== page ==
Lockheed Martin Shares Fall
As Cash Glow Outlook Disappoints

Mike Stone and Rachit Vats / Reuters

(April 24, 2018) -- Lockheed Martin Corp (LMT.N), the Pentagon's No. 1 weapons supplier, did not raise its 2018 cash flow projections on Tuesday even as the US government spends more on defense, disappointing investors and pushing its shares lower.

Lockheed reported a better-than-expected quarterly profit and raised its full-year forecast, helped in part by higher sales of its stealthy F-35 combat jets.

The company's shares, however, fell 6.1 percent to $336.49 on the cash flow predictions amid a broader market sell-off. Its chief financial officer told Wall Street analysts on a conference call that pension contributions could cause "negative cash from operations in the second quarter."

The outlook for annual cash flow was the only major financial category that Lockheed did not revise higher.

"There could be some modest disappointment that the cash guidance has not been raised, but it is early in the year and cash is trickier to predict," analyst Robert Stallard of Vertical Research said in a note.

Revenue from the company's aeronautics business, which makes the F-35 jet, rose 6.7 percent to $4.4 billion. The business accounted for about 38 percent of total revenue in the quarter. The F-35 jet is central to the company's growth and already delivers about a quarter of its sales.

The program has been in the news recently after Reuters reported this month that the US Department of Defense stopped accepting most deliveries of the F-35 over a dispute about who will cover costs for fixing a production error.

The dispute centers around whether Lockheed or its customer should pay what a source said was $119 million to fix a corrosion issue discovered last year. The source spoke on condition of anonymity.

Lockheed confirmed on April 11 that the Pentagon had halted deliveries of the jet over a contractual issue, but did not give further details.

"It's just a temporary suspension that they have on accepting some aircraft until we reach agreement on a contractual issue," Chief Executive Marillyn Hewson told analysts. Lockheed's finance chief said the hold encompassed less than 10 jets as of Tuesday.

"This was a good operating quarter from Lockheed, with an operations/tax boost to the earnings per share," Stallard said in his note.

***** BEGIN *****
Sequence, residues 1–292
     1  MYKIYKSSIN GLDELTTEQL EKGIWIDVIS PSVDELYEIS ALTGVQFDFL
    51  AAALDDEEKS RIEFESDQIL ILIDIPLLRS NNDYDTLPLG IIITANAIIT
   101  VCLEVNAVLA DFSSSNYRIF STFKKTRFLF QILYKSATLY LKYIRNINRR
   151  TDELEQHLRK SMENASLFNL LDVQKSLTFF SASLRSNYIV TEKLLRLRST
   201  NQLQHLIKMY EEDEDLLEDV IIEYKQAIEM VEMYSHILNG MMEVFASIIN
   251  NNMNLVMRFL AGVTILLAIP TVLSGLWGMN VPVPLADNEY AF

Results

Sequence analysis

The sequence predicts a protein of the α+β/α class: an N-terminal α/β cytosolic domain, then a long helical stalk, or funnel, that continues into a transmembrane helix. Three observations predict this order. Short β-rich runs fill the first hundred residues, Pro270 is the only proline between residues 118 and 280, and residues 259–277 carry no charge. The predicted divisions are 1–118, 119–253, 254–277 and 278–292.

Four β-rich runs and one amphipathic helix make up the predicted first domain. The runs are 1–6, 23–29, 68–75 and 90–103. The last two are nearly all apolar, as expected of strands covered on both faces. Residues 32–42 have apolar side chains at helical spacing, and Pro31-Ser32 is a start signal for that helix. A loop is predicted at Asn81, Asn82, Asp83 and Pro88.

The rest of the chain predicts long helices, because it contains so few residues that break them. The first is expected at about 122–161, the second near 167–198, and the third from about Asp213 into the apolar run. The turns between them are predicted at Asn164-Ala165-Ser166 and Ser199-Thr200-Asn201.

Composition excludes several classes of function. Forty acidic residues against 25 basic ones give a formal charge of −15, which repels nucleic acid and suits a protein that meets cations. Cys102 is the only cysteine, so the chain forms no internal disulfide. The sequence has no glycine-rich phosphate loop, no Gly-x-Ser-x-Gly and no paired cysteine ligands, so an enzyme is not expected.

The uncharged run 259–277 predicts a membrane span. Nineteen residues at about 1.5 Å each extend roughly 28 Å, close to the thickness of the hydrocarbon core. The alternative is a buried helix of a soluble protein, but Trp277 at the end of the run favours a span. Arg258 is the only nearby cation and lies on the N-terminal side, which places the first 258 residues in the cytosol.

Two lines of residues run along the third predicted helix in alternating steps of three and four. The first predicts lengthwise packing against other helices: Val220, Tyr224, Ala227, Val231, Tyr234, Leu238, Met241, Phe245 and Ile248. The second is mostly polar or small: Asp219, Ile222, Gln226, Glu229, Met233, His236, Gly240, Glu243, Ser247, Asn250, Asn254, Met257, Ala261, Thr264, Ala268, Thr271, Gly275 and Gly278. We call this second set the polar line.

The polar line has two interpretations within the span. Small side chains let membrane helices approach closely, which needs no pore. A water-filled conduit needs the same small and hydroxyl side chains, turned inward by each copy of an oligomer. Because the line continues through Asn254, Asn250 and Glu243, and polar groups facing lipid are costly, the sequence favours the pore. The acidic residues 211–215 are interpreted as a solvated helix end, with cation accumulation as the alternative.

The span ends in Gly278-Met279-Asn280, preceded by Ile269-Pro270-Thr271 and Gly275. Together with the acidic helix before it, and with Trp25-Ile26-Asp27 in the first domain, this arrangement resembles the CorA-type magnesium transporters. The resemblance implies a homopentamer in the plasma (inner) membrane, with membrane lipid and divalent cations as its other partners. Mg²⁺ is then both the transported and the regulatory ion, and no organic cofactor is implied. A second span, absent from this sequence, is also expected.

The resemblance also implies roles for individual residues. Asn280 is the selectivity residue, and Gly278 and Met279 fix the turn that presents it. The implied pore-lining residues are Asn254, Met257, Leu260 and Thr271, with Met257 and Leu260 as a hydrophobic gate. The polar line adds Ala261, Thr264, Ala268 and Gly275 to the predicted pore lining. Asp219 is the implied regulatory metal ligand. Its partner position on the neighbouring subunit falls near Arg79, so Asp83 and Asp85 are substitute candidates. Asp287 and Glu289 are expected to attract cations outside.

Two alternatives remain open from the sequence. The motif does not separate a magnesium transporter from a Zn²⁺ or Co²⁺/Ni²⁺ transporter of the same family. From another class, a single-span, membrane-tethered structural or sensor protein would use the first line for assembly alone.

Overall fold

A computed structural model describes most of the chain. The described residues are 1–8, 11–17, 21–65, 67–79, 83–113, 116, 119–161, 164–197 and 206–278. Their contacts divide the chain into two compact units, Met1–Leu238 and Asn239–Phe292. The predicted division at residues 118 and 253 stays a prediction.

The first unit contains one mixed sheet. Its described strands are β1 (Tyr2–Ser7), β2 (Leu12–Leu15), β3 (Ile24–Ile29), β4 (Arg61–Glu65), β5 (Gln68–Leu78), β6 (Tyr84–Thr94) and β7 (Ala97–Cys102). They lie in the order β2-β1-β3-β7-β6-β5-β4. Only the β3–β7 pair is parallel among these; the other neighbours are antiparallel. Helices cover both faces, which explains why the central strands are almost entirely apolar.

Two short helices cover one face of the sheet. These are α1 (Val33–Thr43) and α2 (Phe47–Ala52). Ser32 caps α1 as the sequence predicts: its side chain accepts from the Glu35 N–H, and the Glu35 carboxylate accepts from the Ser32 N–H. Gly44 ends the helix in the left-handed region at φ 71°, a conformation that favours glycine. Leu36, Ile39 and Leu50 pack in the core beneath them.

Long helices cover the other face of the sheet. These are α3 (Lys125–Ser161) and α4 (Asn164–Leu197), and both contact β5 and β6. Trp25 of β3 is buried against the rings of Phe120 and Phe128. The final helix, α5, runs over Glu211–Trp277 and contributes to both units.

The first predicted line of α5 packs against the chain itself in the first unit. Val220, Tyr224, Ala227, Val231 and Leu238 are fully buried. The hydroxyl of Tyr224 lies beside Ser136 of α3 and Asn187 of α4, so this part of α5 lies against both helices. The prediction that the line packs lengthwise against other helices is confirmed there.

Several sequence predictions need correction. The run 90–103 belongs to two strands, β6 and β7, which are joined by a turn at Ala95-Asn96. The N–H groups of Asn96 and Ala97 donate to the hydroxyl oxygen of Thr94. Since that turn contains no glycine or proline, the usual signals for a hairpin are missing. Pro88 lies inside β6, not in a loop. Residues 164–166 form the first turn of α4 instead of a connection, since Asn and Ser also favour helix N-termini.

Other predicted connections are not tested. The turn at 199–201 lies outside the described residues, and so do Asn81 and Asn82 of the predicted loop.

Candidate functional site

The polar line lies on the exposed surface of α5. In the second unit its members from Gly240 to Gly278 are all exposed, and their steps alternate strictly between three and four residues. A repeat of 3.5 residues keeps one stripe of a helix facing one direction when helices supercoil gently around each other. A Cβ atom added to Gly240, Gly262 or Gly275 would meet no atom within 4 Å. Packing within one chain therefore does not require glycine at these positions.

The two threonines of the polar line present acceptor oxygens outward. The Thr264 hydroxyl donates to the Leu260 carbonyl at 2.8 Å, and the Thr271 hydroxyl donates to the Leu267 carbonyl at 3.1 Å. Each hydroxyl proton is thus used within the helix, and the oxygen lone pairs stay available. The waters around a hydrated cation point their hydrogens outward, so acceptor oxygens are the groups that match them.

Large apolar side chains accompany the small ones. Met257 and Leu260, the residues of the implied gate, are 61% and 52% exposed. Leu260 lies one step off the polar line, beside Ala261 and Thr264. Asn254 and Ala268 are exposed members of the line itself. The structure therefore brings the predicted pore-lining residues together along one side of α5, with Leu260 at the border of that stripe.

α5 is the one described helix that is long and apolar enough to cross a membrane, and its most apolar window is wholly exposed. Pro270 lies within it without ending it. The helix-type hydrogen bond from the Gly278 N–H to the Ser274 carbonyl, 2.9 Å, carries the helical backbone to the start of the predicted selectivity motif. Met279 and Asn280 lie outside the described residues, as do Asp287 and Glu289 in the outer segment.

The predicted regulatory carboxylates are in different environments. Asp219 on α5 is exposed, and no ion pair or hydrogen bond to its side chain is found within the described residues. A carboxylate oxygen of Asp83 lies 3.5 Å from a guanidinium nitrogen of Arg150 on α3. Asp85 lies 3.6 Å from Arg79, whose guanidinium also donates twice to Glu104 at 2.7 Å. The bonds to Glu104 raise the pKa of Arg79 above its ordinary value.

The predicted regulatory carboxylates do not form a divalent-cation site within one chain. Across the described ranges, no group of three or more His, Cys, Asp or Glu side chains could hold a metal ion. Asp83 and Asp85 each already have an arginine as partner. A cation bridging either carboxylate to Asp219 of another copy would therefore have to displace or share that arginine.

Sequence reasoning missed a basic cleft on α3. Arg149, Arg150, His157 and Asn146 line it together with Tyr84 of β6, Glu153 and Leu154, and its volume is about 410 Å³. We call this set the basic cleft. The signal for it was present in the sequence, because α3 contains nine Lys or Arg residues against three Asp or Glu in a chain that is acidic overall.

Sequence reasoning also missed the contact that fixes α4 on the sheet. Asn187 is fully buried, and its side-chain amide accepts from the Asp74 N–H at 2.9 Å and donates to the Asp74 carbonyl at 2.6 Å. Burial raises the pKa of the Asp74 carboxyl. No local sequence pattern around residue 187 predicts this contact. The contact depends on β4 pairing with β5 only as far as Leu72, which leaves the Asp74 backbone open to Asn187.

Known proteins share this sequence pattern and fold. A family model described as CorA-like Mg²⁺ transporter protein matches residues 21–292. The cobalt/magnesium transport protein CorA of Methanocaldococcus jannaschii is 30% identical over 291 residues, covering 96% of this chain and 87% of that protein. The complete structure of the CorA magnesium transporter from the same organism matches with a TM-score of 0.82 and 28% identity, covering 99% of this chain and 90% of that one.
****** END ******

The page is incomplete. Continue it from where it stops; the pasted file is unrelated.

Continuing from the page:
Looking forward, Hewson said Lockheed and the US government were "exploring options that we could bring forward to" Japan for a future jet fighter. Last week, Reuters reported Lockheed planned to offer Japan a stealth fighter design based on its export-banned F-22 Raptor and advanced F-35 Lightning II aircraft. [nL3N1RX2AF}

Following the US tax law change passed last year, Lockheed reported its effective tax rate was 14.9 percent, compared with 23.8 percent for the year-ago quarter. The rate was helped in part by a $1.5 billion contribution to the company's pension plan this quarter.

Profits were up at Lockheed's Missiles and Fire Control business unit, as well as its Rotary and Mission Systems business unit, which makes Sikorsky helicopters. The Space unit's profits fell modestly from 12 percent to 11.3 percent in part because of lower sales of a space-based infrared sensor system.

The Bethesda, Maryland-based company raised its 2018 net sales forecast to a range of $50.35 billion to $51.85 billion from a range of $50 billion to $51.50 billion.

Full-year profit is expected to rise between $15.80 and $16.10 per share, compared with its earlier estimate of $15.20 to $15.50 per share.

Net income rose to $1.16 billion, or $4.02 per share, in the first quarter ended March 25 from $789 million, or $2.69 per share, a year earlier.

Net sales rose to $11.64 billion from $11.21 billion. Analysts were expecting an adjusted profit of $3.40 per shares and revenue of $11.6 billion, according to Thomson Reuters I/B/E/S.

Up to Monday's close, Lockheed's shares had risen 31.3 percent in the past 12 months, compared with a 13.7 percent rise in the S&P 500 index .SPX.

Reporting by Mike Stone in Washington and Rachit Vats in Bengaluru.

Posted in accordance with Title 17, Section 107, US Code, for noncommercial, educational purposes.